Ella’s Kitchen founder takes children’s food from his dining table to the US boardroom table

paul Lindley ella's kitchen

Ella’s Kitchen was set up in 2006 from Lindley’s home near Reading after he experienced problems getting his eldest daughter to eat.

Prior to starting Ella’s Kitchen Lindley had initially worked at KPMG for five years and trained as a chartered accountant. A role which he says that he didn’t enjoy it at the time, but it’s helped me with the new business.

Then in the 1990s I worked in the media division and left to work for Nickelodeon in 1994. I was initially hired as the financial controller and worked my way through to being the general manager.

Lindley then said that he actually rejected two ideas before settling on Ella’s Kitchen; the first was a platform that would give kids access to digital money to spend online, the second was a TV show – which he actually made the pilot for – which dealt with issues around promoting healthy food, family time and food and so on, but the interest in Ella’s Kitchen soon took over.

To fund the development of the ‘fun, healthy, organic food for babies and toddlers’ Lindley remortgaged his house to the tune of £200,000 and started two years of research with two products and one customer, Sainsbury’s, the supermarkets group.

Today the company has a turnover of £50m and has helped grow the baby food sector during a recession. However Lindley is clear that “The goal was never to sell the company,” he says. “Nor was the goal ever to make ‘X’ amount of profits or ‘X’ amount of sales. The goal was to use our products to improve children’s health.”

The sale two weeks ago to the Hain Group came when he decided after looking at options such as private equity and bank funding that it was the best way to realise the company’s ambition of increasing what it calls “tiny tummy touchpoints” – servings of its organic fruit and vegetables.

“When I launched the company the baby food market was very functional at the time,” says Lindley. “It hadn’t changed. There had been no innovation in that market for a generation.

“There were a few big brands. The food was in glass jars. The branding and reasons to buy hadn’t changed, even though people’s lifestyles had fundamentally changed.”

He decided the company would be different by making it’s USP that it put children first. The business innovated with recipes and flexible pouches as Lindlay sought to inject into the product the fun of having his now six-year-old daughter, Ella.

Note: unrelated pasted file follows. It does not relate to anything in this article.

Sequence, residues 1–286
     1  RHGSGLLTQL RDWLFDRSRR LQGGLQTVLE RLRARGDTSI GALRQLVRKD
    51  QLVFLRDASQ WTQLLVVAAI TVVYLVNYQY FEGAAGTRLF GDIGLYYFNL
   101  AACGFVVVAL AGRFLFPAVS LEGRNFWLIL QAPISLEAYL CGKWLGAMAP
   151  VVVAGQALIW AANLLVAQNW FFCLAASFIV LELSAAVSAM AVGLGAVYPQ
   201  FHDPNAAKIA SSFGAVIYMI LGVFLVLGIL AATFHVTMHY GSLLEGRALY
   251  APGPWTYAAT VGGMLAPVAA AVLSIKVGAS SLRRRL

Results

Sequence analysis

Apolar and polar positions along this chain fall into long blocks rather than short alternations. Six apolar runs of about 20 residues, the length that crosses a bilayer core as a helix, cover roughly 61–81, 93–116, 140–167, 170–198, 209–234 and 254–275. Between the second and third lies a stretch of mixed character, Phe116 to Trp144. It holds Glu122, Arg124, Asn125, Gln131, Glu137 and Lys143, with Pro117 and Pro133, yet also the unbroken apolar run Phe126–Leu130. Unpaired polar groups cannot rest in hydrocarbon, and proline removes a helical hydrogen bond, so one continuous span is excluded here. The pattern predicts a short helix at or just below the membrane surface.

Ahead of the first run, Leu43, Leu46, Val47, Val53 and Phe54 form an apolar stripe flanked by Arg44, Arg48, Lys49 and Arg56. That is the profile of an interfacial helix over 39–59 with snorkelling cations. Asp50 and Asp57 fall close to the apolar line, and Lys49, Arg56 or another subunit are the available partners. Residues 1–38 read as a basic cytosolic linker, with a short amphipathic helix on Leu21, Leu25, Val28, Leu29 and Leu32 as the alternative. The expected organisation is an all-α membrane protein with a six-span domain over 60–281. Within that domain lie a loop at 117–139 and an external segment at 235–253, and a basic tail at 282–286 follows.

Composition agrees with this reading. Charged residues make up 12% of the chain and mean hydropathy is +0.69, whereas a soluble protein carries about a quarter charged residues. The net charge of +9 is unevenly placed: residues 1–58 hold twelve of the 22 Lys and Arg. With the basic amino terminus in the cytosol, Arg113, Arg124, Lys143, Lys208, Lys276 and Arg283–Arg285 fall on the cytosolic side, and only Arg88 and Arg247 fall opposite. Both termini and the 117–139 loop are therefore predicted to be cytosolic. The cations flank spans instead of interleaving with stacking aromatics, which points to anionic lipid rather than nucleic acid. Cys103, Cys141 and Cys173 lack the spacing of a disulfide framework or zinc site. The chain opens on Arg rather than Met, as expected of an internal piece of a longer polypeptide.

“I wanted to use emotion in the brand,” he says. “Consumers are at the most emotional point of their lives when they have a baby.

“I wanted to work with that emotion and the benefit of being a small entrepreneurial company and use my own family as an experience people could relate to, in contrast to the less personal big brands we were competing against.”

Today Ella’s Kitchen employs 60 people near Henley-on-Thames. It has 80 products and nearly 20 per cent of the UK market, putting it behind Danone’s Cow & Gate and Heinz. The firm has supplier deals with all the supermarket groups and exports to 12 countries, including Norway, where it has a 30 per cent market share. This suggests that a baby is eating an Ella product every second of every day somewhere around the world.

Hain, which is quoted on the Nasdaq, will combine Ella’s Kitchen with its Earth’s Best brand, which pioneered organic infant foods in the US and has a 15 per cent share of the US baby food market. It comes in behind Nestle’s Gerber, which has about 60pc. Mr Lindley will become chief executive of Hain’s global infant, toddler and kids division and says he believes it can increase the combined number of sales to 4bn or 5bn a year globally.

“One of the most important things in business is timing,” he says. “Timing around an exit and around your next move is a skill and something people should think about as a core part of business.

“I think we have timed this perfectly. It’s right internally. And when you look at the marketplace in America, there are a lot of small players [so] there will be consolidation. You don’t want to be the bridesmaid at the end when everybody else has consolidated. You want to pick the best partner for you.”

Lindley is selling all his shares to Hain and is not locked in for a set period or incentivised by an “earn-out” arrangement. He says he is motivated by developing the business for the long term. He says: “I’m staying on because I believe that the opportunity for me and my team in the UK to run a business with a turnover that’s not £50m to £60m but more than £200m, can seriously make inroads into improving children’s health around the world. I believe we can continue to innovate and produce better products for babies, toddlers and children.

“It’s a humbling thing – the world’s first organic baby food [business] and a significant part of a major public company in America is being put in the hands of a British entrepreneurial team that has grown its business from nothing in seven years.

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